April 25, 2007 – Associated Press, Jim Kuhnhenn, “Foundations spending $60 million to make education a presidential campaign issue”
Two of the world's wealthiest charitable foundations are bankrolling a $60 million initiative aimed at making education an issue in the 2008 presidential campaign. Philanthropists Bill Gates and Eli Broad are hoping their "Strong American Schools" project will goad the presidential candidates into taking bold stands on education even if it means angering their own constituencies.
April 24, 2007 – Associated Press, Ben Feller, “Bush pushes Congress to renew, expand No Child Left Behind Act”
President Bush, focusing on an overshadowed domestic agenda, urged on Congress on Tuesday to renew and broaden the farthest-reaching education law in a generation. At a Harlem charter school, Bush lauded the same elements of the No Child Left Behind Act that have made it a tough sell in many places -- yearly testing and consequences for failure.
April 23, 2007 – The Californian, Tori Hatada, “NCLB not undermining education”
NCLB is based on the belief that public schools can meet high expectations, and that all children have the potential to read and do math at grade level. We have visited schools with disadvantaged children who, with the help of dedicated teachers, are now meeting this goal. This progress is confirmed by the National Assessment of Educational Progress, which reports rising test scores for African-American and Latino students and falling achievement gaps between them and their white classmates.
April 13, 2007 – Associated Press, James Prichard, “McCain touts job-training plan during Michigan stop”
Republican presidential candidate John McCain said Friday if he is elected to the White House next year, he would work to make sure that educators are held more accountable, that teachers get performance-based rewards and that students have choices in their schools.
April 9, 2007 – Harvard Political Review, Joey Michalakes, “No Law Left Behind?”
Half a decade after the bipartisan fanfare that accompanied its passage, the Bush Administration’s No Child Left Behind Act comes up for renewal later this year. While policy makers, experts, and educators generally agree that the law needs revision, there is widespread disagreement over exactly what shape reform will take. Nevertheless, it is almost certain that pressing political concerns will provide Congress with an incentive to extend No Child Left Behind. Though Republicans and Democrats are perhaps motivated by separate ideological agendas, it is within the interests of both parties to achieve bipartisan consensus and see some incarnation of the law reauthorized.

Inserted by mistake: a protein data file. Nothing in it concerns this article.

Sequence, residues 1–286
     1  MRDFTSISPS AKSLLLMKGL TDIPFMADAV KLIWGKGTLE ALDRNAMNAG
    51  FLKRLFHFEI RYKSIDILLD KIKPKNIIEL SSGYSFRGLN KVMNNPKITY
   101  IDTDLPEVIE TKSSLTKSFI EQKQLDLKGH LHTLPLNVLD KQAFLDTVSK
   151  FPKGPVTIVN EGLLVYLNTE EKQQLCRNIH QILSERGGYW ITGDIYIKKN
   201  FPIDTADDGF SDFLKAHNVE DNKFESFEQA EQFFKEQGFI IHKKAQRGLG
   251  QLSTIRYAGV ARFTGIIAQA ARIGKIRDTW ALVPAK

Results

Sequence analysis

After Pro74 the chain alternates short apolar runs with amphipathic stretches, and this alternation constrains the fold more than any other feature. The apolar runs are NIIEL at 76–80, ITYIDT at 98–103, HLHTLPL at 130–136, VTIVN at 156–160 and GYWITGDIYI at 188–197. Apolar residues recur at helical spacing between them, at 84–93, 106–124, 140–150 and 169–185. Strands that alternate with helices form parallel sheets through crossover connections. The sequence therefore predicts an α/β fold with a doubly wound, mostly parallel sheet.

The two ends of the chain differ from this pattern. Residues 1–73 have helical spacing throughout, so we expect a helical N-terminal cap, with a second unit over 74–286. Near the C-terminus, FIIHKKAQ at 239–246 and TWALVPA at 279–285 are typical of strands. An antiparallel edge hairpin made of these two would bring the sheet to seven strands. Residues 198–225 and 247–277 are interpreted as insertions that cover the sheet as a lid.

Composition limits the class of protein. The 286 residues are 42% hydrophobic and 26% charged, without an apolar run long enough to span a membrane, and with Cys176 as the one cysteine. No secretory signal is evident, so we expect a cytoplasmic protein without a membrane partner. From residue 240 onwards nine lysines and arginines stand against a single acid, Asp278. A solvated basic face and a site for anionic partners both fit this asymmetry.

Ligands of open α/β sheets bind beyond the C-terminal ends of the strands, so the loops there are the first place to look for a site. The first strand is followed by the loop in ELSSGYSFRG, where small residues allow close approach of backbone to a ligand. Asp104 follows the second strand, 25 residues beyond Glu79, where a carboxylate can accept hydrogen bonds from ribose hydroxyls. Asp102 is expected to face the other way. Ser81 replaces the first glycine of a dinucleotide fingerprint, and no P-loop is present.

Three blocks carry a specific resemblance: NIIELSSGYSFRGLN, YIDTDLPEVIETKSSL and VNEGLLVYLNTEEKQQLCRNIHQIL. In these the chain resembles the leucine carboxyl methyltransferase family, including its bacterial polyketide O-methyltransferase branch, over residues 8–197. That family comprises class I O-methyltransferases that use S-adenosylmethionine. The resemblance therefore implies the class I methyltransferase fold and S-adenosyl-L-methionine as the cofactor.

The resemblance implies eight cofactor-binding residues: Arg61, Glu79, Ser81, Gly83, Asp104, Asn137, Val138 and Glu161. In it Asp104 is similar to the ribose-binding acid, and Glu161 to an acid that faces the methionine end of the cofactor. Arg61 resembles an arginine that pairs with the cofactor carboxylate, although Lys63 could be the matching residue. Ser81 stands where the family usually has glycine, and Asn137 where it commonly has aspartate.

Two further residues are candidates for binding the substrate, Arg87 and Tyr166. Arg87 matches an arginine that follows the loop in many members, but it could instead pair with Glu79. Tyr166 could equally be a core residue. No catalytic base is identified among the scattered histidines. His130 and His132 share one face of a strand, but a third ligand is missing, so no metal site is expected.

April 13, 2007 – Associated Press, Ben Feller, “Bush Defends No Child Left Behind Act”
Congress is working on renewing the law, which remains unpopular in many districts nationwide. "It is important for all of us to make it clear that accountability is not a way to punish anybody," Bush told supporters of the law in a meeting at the White House. "It's an essential component to making sure that our system, our education system, frankly is not discriminatory." Bush got unified support from the group of business, education and civil rights leaders he invited to the Roosevelt Room. They spoke of economic competitiveness and social justice.
April 5, 2007 – Washington Times, Amy Fagan, “Middle ground found in testing ; Schools can alter exams for disabled youth”
Bush administration officials yesterday said they will ease some of the rules that govern testing for students with disabilities thus allowing more of these students to take tests that are geared to them as opposed to those currently required under the No Child Left Behind law.
April 4, 2007 – Education Week, Mary Ann Zehr, “Voicing Concern for English-Learners in Debate Over NCLB”
Peter Zamora—lawyer, former high school teacher, and energetic advocate for the needs of English-language learners—can trace his concern for such students to time spent in a California high school. Testifying on behalf of the Hispanic Education Coalition at a March 23 congressional hearing, he spoke out for better assessments for English-learners, more technical assistance for the states on testing issues, and the importance of fully including English-learners in NCLB’s accountability system.
April 2, 2007 – CQ Weekly, Michael Sandler, “Minding Their Business”
Now, as the statute that Bush dubbed “No Child Left Behind” comes up for reauthorization, an even larger force from the business community is trying to influence the outcome. They bring to the debate in Congress a sense of urgency that the nation’s economic future depends on an educated workforce, and that, in turn, depends on schools with high standards. China and India, they warn, are experiencing extraordinary gains in education and outpacing our production of engineers and scientists. The business leaders point to data that reveals a generation of students lagging behind and failing to leave high school prepared. They insist that schools reshape curricula, boost standards and carefully evaluate teachers in order to better prepare students for college and the workforce.